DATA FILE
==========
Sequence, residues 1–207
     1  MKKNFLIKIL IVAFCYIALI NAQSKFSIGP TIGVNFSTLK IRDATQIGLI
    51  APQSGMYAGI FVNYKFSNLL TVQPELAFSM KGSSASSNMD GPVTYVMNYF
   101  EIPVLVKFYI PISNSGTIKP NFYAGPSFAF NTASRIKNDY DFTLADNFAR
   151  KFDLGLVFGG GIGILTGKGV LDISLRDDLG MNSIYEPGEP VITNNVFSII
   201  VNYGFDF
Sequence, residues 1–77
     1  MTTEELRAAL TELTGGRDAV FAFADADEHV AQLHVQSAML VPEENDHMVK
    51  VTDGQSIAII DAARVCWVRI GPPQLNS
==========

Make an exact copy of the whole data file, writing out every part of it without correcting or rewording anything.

Sequence, residues 1–207
     1  MKKNFLIKIL IVAFCYIALI NAQSKFSIGP TIGVNFSTLK IRDATQIGLI
    51  APQSGMYAGI FVNYKFSNLL TVQPELAFSM KGSSASSNMD GPVTYVMNYF
   101  EIPVLVKFYI PISNSGTIKP NFYAGPSFAF NTASRIKNDY DFTLADNFAR
   151  KFDLGLVFGG GIGILTGKGV LDISLRDDLG MNSIYEPGEP VITNNVFSII
   201  VNYGFDF
Sequence, residues 1–77
     1  MTTEELRAAL TELTGGRDAV FAFADADEHV AQLHVQSAML VPEENDHMVK
    51  VTDGQSIAII DAARVCWVRI GPPQLNS